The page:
The first time he took me there, I fell in love with the place. Small, cosy and best of all, a live jazz band every week. The steaks were good and the desserts, gooey and delicious.

The last time we were there, the week before I left for Adelaide, we were seated next to an elderly couple. While waiting for the wait staff to take our orders, we somehow fell into conversation with them. The man, ruddy cheeked and cheerful, told us they'd come from a tiny town along the border of New South Wales and Victoria.

He and Boy traded jokes, laughed about women and his wife nodded and smiled indulgently at them, two boys having a bit of fun. Somehow, we all became two happy couples, chatting, sharing jokes.

Along the way, it came out that they'd been married for fifty years. Fifty! They'd raised 5 children and had 11 grandchildren and yet, they were out here, on a date, having fun and laughing. Boy and I looked at each other and knew we were both thinking the same thing.

It was near the end for us and we knew it. I'd be returning to Singapore soon, so painfully soon. He had to stay in Australia and neither of us saw a long distance relationship as an option. The difference was stark, the longevity of their marriage beside our happy but short lived relationship. I looked around at the little restaurant where we'd spent many happy evenings and knew that I'd never be able to come back. Not alone and definitely not with someone else.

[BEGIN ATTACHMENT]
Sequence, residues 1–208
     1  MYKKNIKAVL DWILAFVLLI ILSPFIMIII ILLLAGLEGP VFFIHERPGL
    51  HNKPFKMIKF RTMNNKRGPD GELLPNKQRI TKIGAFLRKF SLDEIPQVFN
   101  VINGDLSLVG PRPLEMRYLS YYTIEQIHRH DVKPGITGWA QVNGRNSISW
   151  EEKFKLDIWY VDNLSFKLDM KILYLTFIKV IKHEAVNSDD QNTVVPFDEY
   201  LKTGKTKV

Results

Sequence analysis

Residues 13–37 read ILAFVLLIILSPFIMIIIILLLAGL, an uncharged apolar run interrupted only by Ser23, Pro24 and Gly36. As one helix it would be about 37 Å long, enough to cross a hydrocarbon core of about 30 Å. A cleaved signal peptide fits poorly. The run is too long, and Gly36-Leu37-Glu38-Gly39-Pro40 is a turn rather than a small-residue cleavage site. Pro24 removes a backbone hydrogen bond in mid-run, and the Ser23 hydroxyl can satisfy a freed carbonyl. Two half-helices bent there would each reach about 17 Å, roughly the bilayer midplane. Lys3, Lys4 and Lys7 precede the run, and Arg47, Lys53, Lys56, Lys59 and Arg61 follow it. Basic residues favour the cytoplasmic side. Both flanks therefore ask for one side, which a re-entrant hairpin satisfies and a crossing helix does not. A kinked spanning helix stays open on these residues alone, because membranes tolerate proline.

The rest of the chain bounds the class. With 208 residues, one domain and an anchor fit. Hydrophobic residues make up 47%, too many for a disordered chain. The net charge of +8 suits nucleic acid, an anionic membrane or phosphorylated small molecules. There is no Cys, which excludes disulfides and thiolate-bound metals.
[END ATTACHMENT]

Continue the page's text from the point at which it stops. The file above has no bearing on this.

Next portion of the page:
I ate slowly that night. Relishing the steak, the place, the music and the moment. Knowing it was probably our last time there. Enjoying the banter between Boy and the old man. I tried to hold on as tightly as I could, to the memory of that evening and the memories we'd created in that place and hoped that the memories would last me a lifetime without Boy.

Tuesday, June 17, 2008


I miss Boy.

Everywhere I turn, everything I see....just reminds me of him. I realise that the day will come when I'll be able to move forward but right heart is just so full of missing him that I can't see straight sometimes.

I can't help it. He lit my life up with a kind of technicolour sparkle and I miss living life that way.

Monday, June 16, 2008


I'm so glad that I deliberately planned to start work next month just so I could fit in a road trip to Adelaide with a bunch of friends. It turned out to be an incredible amount of fun. We talked, listened to music, bickered and snoozed in the car through the long drives and just generally cozied up to each other.